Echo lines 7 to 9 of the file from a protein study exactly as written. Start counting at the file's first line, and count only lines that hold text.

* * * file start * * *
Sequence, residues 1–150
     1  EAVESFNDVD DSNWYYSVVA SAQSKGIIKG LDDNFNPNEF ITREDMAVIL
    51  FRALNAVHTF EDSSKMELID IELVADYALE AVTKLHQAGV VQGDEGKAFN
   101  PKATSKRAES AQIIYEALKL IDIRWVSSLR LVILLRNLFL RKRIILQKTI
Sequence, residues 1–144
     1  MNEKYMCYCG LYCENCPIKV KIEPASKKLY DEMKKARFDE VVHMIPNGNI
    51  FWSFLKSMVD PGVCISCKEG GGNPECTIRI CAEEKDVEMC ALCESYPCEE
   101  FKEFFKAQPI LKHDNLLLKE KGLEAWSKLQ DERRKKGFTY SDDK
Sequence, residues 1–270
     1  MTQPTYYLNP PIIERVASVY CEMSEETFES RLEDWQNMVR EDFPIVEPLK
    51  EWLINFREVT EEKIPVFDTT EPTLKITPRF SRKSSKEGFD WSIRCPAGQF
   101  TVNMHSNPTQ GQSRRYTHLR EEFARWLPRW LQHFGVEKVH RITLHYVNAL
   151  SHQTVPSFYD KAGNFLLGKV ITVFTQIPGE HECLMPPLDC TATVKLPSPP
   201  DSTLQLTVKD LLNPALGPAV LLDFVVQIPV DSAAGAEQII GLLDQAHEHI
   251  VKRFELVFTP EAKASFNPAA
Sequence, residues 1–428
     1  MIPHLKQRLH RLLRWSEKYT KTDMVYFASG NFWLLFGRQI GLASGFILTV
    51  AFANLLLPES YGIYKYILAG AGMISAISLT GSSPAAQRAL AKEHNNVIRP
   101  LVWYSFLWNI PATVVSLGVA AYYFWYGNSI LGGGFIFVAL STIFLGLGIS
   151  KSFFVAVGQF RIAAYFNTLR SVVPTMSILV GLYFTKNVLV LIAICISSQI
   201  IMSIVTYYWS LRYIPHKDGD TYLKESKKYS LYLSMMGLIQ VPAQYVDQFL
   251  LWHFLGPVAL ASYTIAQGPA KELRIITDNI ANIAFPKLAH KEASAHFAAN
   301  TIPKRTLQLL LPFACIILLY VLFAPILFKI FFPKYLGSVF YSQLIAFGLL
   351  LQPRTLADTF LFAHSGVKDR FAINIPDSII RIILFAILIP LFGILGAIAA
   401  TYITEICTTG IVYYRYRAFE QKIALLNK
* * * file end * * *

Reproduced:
    51  FWSFLKSMVD PGVCISCKEG GGNPECTIRI CAEEKDVEMC ALCESYPCEE
   101  FKEFFKAQPI LKHDNLLLKE KGLEAWSKLQ DERRKKGFTY SDDK
Sequence, residues 1–270